Born: Travnik, Bosnia (then in the Austro-Hungarian Empire), 9 October 1892. Education: Educated at schools in Visegrad and Sarajevo, 1898-1912; University of Zagreb, 1912; Vienna University, 1913; Jagiellonian University, Cracow, 1914; Graz University, Ph.D. 1923. Military Service: Served in the army, 1917. Family: Married Milica Babic in 1959 (died 1968). Career: Served in the Yugoslav diplomatic service, 1920-41, in the Vatican (Rome), Geneva, Madrid, Bucharest, Trieste, Graz, Belgrade, Marseilles, Paris, Brussels, and as Ambassador to Germany, Berlin; full-time writer, 1941-49; representative of Bosnia, Yugoslav parliament, 1949-55. Co-founder and member of the editorial board, Knjizevni jug [The Literary South], 1918-19. President, Federation of Writers of Yugoslavia, 1946-51. Awards: Yugoslav Government prize, 1956; Nobel prize for literature, 1961; Vuk prize (Serbia), 1972. Red Cross medal, 1936; Legion d’honneur (France), 1937; Order of the Supreme Commander of Resurgent Poland, 1937; Order of St. Sava, first class (Yugoslavia), 1938. Honorary doctorate: University of Cracow, 1964. Member: of Mlada Bosna [Young Bosnia] and interned for three years during World War I; Member, Serbian Academy; honorary member, Bosnian Academy, 1970. Died: 13 March 1975.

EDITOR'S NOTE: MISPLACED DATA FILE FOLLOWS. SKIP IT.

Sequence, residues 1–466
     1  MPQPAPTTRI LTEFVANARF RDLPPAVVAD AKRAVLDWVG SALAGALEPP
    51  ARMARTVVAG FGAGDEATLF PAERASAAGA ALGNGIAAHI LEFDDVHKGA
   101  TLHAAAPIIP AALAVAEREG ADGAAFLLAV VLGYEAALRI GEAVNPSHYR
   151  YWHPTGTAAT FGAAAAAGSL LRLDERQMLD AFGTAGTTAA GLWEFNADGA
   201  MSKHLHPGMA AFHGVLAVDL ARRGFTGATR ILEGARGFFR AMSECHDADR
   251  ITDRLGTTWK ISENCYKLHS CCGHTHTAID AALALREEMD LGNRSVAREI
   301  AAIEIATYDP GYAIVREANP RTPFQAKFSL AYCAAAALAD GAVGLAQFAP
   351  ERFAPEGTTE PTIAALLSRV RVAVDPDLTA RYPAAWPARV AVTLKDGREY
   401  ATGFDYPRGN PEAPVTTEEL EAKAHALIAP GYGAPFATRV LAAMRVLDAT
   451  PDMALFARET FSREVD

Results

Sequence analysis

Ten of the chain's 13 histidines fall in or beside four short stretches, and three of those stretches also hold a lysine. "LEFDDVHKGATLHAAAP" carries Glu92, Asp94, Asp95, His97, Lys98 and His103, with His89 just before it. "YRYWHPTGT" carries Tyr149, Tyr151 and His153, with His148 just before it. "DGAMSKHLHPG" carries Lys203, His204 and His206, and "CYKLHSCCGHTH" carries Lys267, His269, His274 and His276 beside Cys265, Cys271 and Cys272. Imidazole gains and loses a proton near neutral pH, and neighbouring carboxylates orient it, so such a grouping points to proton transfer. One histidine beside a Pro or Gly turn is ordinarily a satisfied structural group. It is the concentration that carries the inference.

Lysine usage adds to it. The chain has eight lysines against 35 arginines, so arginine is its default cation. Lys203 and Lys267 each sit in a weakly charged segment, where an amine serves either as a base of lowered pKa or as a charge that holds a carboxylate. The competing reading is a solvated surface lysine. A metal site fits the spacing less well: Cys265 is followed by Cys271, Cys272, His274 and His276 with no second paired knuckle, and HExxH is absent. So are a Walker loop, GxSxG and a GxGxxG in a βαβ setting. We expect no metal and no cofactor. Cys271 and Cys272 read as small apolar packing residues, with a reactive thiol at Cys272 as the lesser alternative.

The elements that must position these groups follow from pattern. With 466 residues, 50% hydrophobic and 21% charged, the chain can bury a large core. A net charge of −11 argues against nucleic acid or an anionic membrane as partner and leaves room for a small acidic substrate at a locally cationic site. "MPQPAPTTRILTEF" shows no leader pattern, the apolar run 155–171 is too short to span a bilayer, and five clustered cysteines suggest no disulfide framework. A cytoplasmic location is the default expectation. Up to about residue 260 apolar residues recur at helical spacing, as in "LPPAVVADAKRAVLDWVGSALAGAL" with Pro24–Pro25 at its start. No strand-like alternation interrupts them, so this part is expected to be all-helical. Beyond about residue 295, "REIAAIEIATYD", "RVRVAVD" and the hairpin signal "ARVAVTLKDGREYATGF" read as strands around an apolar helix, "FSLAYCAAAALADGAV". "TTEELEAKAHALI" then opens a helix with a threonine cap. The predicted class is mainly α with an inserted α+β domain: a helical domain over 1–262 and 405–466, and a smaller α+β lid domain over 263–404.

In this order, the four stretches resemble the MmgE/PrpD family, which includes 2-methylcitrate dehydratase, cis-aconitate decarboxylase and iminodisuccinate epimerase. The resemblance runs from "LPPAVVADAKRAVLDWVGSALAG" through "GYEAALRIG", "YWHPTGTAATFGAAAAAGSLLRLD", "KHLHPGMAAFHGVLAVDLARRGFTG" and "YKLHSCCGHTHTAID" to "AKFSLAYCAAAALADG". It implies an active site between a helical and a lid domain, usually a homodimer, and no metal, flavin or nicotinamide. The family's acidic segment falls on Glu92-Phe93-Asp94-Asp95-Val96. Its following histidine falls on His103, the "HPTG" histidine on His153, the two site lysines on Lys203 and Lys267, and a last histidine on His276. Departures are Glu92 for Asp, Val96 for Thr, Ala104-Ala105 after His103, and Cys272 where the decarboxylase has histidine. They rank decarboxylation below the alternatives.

Sabrana djela [Collected Works], edited by Risto Trifkovic and others. 17 vols., 1984.
Pripovetke [Stories]. 3 vols., 1924-36.
Gospodjica. 1945; as The Womanfrom Sarajevo, translated by Joseph Hitrec, 1965.
Travnicka hronika. 1945; as Bosnian Story, translated by Kenneth Johnstone, 1958; as Bosnian Chronicle, translated by Joseph Hitrec, 1963; as The Days of the Consuls, translated by Celia Hawkesworth and Bogdan Rakic, 1992.
Na Drini cuprija. 1945; as The Bridge on the Drina, translated by Lovett Edwards, 1959.
Prica o vezirovom slonu. 1948; as The Vizier’s Elephant: Three Novellas, translated by Drenka Willen, 1962.
Novepripovetke [New Stories]. 1949.
Prica o kmetu Simanu [The Tale of the Peasant Simon]. 1950.
Novele [Short Stories]. 1951.